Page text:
Implementing Sarbanes Oxley Act

In most cases, organizations have been publicly criticized because of their inability of enhancing governance structure that depicts their accountability and transparency. Due to such acts, most organizations have lost investors and donors who felt betrayed by the organization’s undertaking. Instilling public confidence and loyalty among the clients and stakeholders clearly indicates the positive impact of enhancing accountability and transparency within organizations. In an effort of curbing such a menace, various states have enacted and implemented diverse legislation intended to create and enhance public confidence by promoting organization’s accountability and transparency. The Sarbanes-Oxley Act is one of such acts that were legislated with primary goal of enhancing public trust towards organizations.

However, the Sarbanes-Oxley Act, which was enacted to apply to for-profit organizations, tends to promote accountability and transparency of the non-profit organizations as well. The paper discusses the role of financial experts and professionals in implementing the Sarbanes-Oxley act so as to create governance, accountability and transparency of the organizations. It also discusses on how to develop internal and external risk audit procedures so as to fully implement the act in the non-profit organizations.

According to Moore (2006), the Sarbanes-Oxley Act is a corporate law that was passed and adopted in 2002 due to both the corporate and accounting scandals that had marked the corporate sectors. He points out that the law was enacted so as to rebuild public trust and confidence in the corporate sectors. He notes that the act stipulates governance guidelines and standards that require accountable participation of each corporate sector’s member in not only overseeing effective financial transactions, but also in equitably enhancing auditing protocols.

Moore (2006) points out that even though almost the entire Sarbanes-Oxley Act applies to the pubic commercialized corporations, the enactment of this act can also serve in the best interest of non-profit organizations. This has been evident among most of the states’ legislatures who have passed legislation that incorporate elements or provisions of the Sarbanes-Oxley Act distinctly apply to the non-profit organizations. According to him, the corporate leaders of the non-profit organizations have the primarily role in ensuring that their organizations fully adopt all the provision of this law into their organizations.

As pointed out by Lee & Love (2012), most of the highly publicized scandals that have marked the non-profit organizations have been based on excessive compensation to the directors and other internal executives. This embezzlement of the donation or charitable funds has presented a bad image of these non-profit organizations, thereby demanding the need for leadership scrutiny in enhancing accountability. They point out that non-profit organizations can fully implement the Sarbanes-Oxley act if they effectively enhance internal and external audit processes. They note that most of the non-profit organizations normally have limited number of financial experts such as CFOs or CEOs; therefore, they are unable to effectively account for their organizations’ finances, which, in turn, withdraws public trust towards the organizations. According to them, the financial experts and directors play a key role in reforming the governance structure of these non-profit organizations by sparking public trust and confidence.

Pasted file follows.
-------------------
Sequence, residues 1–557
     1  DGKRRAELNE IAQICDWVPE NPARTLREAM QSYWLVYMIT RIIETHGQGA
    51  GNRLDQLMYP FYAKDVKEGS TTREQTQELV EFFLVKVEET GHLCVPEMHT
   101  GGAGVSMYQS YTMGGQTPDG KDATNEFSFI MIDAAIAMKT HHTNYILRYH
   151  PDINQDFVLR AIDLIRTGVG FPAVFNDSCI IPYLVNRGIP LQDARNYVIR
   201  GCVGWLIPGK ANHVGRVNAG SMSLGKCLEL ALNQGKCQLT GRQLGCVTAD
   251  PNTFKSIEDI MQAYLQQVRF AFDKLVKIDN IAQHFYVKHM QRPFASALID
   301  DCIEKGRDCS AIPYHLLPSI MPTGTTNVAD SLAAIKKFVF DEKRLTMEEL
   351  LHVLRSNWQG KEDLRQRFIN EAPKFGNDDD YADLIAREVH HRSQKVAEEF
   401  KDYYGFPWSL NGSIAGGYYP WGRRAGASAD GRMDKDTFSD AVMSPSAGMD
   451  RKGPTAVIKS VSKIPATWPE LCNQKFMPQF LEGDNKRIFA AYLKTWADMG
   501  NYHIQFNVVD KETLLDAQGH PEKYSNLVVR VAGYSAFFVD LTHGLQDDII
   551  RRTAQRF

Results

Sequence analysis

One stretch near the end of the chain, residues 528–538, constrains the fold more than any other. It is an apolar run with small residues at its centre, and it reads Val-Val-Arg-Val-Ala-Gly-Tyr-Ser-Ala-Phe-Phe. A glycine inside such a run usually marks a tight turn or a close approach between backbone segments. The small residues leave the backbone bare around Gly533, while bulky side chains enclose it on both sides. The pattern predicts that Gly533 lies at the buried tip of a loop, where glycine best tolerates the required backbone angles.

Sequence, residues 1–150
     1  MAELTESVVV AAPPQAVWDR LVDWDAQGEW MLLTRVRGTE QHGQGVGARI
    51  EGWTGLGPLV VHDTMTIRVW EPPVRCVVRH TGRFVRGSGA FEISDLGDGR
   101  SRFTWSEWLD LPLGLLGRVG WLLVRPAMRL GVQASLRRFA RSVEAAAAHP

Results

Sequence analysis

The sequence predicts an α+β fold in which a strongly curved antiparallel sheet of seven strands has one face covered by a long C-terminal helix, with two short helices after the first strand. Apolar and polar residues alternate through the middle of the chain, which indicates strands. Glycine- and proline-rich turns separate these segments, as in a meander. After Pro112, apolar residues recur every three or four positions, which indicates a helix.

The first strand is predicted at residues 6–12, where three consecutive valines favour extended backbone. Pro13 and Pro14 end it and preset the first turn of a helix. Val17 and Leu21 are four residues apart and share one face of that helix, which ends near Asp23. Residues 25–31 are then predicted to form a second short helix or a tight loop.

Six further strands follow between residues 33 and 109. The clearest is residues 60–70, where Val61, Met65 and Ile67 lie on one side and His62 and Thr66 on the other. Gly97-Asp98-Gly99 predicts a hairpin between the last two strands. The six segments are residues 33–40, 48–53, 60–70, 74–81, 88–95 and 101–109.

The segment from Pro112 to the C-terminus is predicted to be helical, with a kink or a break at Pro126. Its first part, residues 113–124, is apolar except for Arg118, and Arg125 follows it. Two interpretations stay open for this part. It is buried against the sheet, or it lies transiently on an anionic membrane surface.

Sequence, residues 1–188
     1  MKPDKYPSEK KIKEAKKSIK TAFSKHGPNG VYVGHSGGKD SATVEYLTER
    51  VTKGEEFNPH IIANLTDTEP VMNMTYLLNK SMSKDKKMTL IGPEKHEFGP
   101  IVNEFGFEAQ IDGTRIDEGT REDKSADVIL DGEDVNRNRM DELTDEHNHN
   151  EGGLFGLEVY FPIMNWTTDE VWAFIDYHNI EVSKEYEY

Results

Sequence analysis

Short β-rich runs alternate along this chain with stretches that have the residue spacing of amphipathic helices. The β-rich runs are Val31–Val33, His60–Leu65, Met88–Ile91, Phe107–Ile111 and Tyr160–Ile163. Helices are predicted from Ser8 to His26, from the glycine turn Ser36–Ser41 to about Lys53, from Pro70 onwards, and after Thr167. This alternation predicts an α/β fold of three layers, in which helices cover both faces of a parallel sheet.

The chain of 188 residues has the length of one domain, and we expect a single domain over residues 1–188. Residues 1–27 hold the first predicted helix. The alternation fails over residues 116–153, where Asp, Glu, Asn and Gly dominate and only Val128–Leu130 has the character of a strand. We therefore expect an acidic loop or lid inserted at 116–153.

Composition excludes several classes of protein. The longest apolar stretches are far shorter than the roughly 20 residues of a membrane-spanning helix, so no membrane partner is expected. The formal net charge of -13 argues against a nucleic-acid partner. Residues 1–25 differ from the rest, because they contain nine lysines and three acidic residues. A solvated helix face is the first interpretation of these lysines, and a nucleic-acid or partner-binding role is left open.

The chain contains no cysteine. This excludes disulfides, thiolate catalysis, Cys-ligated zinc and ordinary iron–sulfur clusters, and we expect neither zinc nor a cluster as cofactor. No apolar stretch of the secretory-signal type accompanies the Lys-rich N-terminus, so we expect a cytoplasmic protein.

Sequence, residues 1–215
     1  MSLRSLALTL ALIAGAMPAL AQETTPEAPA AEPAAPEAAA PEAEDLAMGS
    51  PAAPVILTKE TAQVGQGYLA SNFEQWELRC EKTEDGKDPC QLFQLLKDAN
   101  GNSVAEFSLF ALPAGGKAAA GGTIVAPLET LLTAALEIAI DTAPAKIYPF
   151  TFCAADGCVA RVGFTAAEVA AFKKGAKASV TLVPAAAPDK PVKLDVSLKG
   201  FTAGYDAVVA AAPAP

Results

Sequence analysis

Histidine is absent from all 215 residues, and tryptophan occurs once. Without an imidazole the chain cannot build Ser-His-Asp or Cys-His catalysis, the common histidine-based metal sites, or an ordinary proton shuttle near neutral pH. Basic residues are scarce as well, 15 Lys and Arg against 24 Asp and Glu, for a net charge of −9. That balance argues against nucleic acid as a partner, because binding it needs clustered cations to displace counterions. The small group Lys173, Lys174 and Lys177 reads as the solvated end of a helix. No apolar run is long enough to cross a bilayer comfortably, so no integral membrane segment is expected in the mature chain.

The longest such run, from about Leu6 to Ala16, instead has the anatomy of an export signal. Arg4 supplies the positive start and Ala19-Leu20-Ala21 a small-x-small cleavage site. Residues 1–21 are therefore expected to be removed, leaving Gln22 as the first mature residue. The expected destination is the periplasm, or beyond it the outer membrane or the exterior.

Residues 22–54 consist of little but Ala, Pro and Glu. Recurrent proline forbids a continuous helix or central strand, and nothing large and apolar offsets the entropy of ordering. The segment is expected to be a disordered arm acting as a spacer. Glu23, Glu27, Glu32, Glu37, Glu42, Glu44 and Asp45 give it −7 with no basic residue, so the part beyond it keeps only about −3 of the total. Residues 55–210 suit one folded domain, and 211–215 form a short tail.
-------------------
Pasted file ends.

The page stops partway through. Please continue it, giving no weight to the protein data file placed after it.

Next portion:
It is important to note that, non-profit organizations can only implement the Sarbanes-Oxley Act by engaging internal and external auditing, hiring CFOs and CEOs, who possess certified accounting or finance professionalism. The paper discusses the role of these financial experts and professionals in implementing the Sarbanes-Oxley Act so as to create governance accountability and transparency of the organizations. It also discusses on how to develop internal and external risk audit procedures in order to fully implement the act in the non-profit organizations.

The Impact of Hiring of CFOs and CEOs Nonprofit Directors

According to Moore (2006), hiring of a Chief Financial Officer (CFO) or a certified finance or accounting chief executive officer (CEO) by the non-profit organizations can enhance financial accountability and procedure. He notes that one of the provisions of the Sarbanes- Oxley Act stipulates the need to incorporate independent board members who are not legible of receiving compensation either directly or indirectly from a certain non-profit organization. As pointed out by Lee & Love (2012), non-profit organizations require directors who are obligated to manage and protect the organization’s finances with a view of creating public trust and confidence. They note that this can only be achieved if non-partisan and independent certified financial and accounting managers are envisaged in the organization’s governance structure.

Lee & Love (2012) point out that hiring of chief financial officer enables the non-profit organizations to manage and offer accountability to financial risks within the organization. They note that hiring of CFOs and CEOs, who specialize in finance or accounting, is useful as they utilize their professional standards in enhancing financial instruments, thereby promoting economic value of the organizations. The hired CFOs and CEOs with illustrative professionalism in fiancé or accounting form the organization’s independent body; as a result, they are able to incorporate financial instruments that effectively manage the non-profit exposure to financial risks.